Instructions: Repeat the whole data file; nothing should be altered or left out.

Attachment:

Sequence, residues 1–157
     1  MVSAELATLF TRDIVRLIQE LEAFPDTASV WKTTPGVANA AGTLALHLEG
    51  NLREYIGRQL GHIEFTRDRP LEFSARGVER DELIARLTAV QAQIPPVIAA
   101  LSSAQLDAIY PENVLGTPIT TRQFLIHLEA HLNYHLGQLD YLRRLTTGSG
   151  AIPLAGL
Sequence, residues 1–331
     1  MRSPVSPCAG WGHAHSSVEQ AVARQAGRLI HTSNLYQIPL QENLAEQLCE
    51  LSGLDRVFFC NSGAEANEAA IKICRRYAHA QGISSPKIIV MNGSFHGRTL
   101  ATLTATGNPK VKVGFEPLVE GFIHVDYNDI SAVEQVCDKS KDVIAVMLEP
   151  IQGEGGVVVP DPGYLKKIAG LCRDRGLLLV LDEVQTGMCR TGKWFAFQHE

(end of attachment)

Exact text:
Sequence, residues 1–157
     1  MVSAELATLF TRDIVRLIQE LEAFPDTASV WKTTPGVANA AGTLALHLEG
    51  NLREYIGRQL GHIEFTRDRP LEFSARGVER DELIARLTAV QAQIPPVIAA
   101  LSSAQLDAIY PENVLGTPIT TRQFLIHLEA HLNYHLGQLD YLRRLTTGSG
   151  AIPLAGL
Sequence, residues 1–331
     1  MRSPVSPCAG WGHAHSSVEQ AVARQAGRLI HTSNLYQIPL QENLAEQLCE
    51  LSGLDRVFFC NSGAEANEAA IKICRRYAHA QGISSPKIIV MNGSFHGRTL
   101  ATLTATGNPK VKVGFEPLVE GFIHVDYNDI SAVEQVCDKS KDVIAVMLEP
   151  IQGEGGVVVP DPGYLKKIAG LCRDRGLLLV LDEVQTGMCR TGKWFAFQHE